Umbrella Revolution Wall 2014

Umbrella Revolution Wall 2014
Admiralty, Umbrella Revolution 2014

Thursday, April 19, 2012

Grandparents....

Here are Keohi's great-grandpa and great-grandma. Married at age 17 and 16--an arranged marriage. My grandfather was the son of an herb doctor, a family whose fortunes had fallen over the years. He rebuilt the family's name and standing through education. He had an opportunity to be a high school teacher, a teacher wanted to help him. But he wanted to be a medical doctor. He managed to become a successful obstetrician/gynecologist, owning clinics, a hospital etc... and proceeded to send every single one of his brothers and sisters to university and medical school. Rare for a Korean family--even my aunts age 70 and up did work outside the home--one a doctor, another an opera singer and professor.

My grandmother was the one who held the family together. She died when I was 4 years old and we lived in Queens, NY when she came to the US to visit. I remember her wearing sometimes these old style dresses--hanboks. She also had the scent of ginseng and would feed me dried squid.

My father was the beloved middle son. A scholar and medical doctor. As a young boy, however, Dad was something of a rascal, I believe. He said that his mom would get regular visits from other mothers because he was always causing trouble. One example was when he was running for class president at age 10 or so--he hit some kid over the head with a wooden board because he didn't vote for him....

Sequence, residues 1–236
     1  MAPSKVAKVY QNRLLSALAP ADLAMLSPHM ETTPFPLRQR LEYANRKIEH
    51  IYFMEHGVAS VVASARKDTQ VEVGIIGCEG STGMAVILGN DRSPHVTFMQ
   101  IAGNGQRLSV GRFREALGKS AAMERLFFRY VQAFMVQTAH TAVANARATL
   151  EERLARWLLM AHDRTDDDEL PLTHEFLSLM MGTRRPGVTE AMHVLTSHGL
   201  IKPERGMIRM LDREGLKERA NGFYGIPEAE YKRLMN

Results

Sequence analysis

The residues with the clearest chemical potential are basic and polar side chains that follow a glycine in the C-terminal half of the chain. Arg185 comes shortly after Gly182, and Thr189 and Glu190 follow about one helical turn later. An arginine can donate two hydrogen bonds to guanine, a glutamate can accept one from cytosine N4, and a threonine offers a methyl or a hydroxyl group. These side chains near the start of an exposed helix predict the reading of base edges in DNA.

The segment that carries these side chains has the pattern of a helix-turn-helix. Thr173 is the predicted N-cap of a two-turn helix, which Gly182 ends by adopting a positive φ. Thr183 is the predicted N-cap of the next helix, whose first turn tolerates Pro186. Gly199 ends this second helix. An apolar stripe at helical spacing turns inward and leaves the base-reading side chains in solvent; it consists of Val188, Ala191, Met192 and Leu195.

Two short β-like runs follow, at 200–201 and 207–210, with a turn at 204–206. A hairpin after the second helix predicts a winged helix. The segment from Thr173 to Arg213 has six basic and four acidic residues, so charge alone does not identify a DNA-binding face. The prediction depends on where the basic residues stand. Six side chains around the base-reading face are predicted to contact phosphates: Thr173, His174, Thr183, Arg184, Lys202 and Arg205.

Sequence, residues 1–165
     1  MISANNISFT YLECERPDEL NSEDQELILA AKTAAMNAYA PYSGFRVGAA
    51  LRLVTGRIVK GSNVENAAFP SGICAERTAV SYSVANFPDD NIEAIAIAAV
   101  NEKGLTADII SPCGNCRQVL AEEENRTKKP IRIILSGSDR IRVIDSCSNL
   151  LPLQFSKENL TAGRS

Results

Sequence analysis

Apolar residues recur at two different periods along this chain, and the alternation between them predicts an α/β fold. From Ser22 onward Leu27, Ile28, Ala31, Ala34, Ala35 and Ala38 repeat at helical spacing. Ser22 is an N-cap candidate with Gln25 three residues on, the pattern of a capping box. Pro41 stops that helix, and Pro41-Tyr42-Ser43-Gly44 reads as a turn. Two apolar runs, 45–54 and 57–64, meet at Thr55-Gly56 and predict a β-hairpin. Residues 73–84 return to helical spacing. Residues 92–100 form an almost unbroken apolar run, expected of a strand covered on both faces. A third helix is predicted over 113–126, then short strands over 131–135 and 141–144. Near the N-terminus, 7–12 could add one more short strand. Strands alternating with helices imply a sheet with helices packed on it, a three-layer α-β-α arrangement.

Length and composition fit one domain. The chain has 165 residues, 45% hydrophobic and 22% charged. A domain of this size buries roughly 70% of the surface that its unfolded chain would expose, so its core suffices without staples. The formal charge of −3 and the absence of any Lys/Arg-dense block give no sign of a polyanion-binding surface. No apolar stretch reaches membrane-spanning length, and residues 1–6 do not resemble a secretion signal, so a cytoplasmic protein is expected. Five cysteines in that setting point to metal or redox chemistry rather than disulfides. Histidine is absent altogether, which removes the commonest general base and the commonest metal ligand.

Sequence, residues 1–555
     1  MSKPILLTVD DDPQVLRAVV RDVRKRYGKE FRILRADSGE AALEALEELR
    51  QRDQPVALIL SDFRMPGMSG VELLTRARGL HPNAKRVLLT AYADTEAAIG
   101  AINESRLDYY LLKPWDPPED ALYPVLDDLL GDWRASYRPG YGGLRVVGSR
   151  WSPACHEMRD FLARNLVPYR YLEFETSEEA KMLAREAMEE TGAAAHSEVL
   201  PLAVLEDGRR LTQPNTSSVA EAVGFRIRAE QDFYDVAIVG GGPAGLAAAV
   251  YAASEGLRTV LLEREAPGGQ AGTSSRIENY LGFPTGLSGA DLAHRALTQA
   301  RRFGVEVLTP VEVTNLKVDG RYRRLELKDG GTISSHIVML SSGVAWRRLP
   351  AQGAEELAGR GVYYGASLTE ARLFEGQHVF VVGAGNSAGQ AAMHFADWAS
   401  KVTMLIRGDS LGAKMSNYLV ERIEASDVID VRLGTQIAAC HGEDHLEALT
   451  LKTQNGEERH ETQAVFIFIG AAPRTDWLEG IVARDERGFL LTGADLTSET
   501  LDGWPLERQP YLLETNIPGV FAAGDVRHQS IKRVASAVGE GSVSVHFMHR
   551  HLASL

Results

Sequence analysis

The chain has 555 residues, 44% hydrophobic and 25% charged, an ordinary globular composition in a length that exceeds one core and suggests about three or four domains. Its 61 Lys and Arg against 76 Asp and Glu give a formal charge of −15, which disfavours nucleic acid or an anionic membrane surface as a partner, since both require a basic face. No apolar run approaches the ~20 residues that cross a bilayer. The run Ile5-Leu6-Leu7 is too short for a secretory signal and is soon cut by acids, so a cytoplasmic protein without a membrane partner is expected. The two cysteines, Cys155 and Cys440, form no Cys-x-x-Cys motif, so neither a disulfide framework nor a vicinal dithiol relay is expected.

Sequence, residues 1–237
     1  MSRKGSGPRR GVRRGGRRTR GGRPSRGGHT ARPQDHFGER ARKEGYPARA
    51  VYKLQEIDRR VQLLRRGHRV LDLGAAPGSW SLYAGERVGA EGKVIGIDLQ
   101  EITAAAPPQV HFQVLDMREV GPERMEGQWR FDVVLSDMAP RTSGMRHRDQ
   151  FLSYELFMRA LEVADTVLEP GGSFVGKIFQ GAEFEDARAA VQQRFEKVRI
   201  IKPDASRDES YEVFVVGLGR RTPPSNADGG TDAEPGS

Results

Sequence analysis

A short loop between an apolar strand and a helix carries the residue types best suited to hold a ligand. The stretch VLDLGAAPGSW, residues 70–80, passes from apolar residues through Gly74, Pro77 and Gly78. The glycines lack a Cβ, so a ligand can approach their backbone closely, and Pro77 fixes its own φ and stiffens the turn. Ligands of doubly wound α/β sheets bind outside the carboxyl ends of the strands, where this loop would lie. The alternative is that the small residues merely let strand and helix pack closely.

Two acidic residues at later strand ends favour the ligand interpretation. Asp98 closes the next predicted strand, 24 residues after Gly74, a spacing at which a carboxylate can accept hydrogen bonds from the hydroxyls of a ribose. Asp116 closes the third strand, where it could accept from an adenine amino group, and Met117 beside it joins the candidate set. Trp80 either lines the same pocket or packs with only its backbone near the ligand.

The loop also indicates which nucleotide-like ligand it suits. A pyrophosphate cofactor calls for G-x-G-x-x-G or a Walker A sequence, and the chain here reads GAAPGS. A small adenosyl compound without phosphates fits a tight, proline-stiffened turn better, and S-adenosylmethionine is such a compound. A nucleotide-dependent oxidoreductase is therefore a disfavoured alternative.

Ah--Korean politics!

Monday, April 16, 2012

TCK, Expatriate, and more

Pondering this idea a little more...

OK, I should not conflate a) the Third Culture Kid with b) Third Culture Kid parent. As actually, they are two different experiences and types. For the sake of this discussion, I will call the TCK parent, the Expatriate.

Most of what I previously referenced had to do with the Expatriate, though some thoughts definitely apply to the TCK. After all, most people are a product of their environments and do not end up very far in ideology, behavior or lifestyle from their families. It can happen, and perhaps the experience of the TCK does this, but hard to say. I will though, hold to what I said before, that the adherence to limited beliefs and ideals from Expatriates is rather surprising given the amount of travel they have done and the wide exposure that they have had to difference. But I remember long ago a friend told me: "I think travel is sometimes the worst thing that some people can do. It can confirm their worst suspicions about the world. It can make people more close-minded.Some people should just stay home!" This was said by an old Chinese Canadian friend years ago. I think it applies to everyone.

A good many TCK are also the products of missionaries. Nearly 20%---17%, maybe. Then there's the 20% who are military, and the 20% who are foreign service, 20% whose parents work for multinationals. In other words, I am not sure of the diversity of the social and economic backgrounds to begin with. For the most part, this is a rather narrow socioeconomic group to pick from (literature touts the TCK's likelihood of obtaining a college education etc...). Diversity arrives from the origin of the passport, but not necessarily from the economic factor which often determines cultural outlook.

OK, back to reading a great book (for my conference) which encapsulates ideas of the possibilities of the TCK and the expatriate, the migrant, the emigrant/immigrant and adventurer--The Sea of Poppies by Amitav Ghosh.

Sunday, April 15, 2012

Myths and Realities--Third Culture Kids, Travel, Expat Life

I've been reading more on Third Culture Kids, prompted, obviously by my raising one. However, what I find interesting is not so much that there is a perpetual idea of the TCK being homeless or rootless or nomadic, nor that the supposed world becomes smaller due to a broad exposure to different people, but that the truth is, one can find diversity in any country. The question is about how one approaches the search for difference and the cultivation of culture, intellect, art, and life.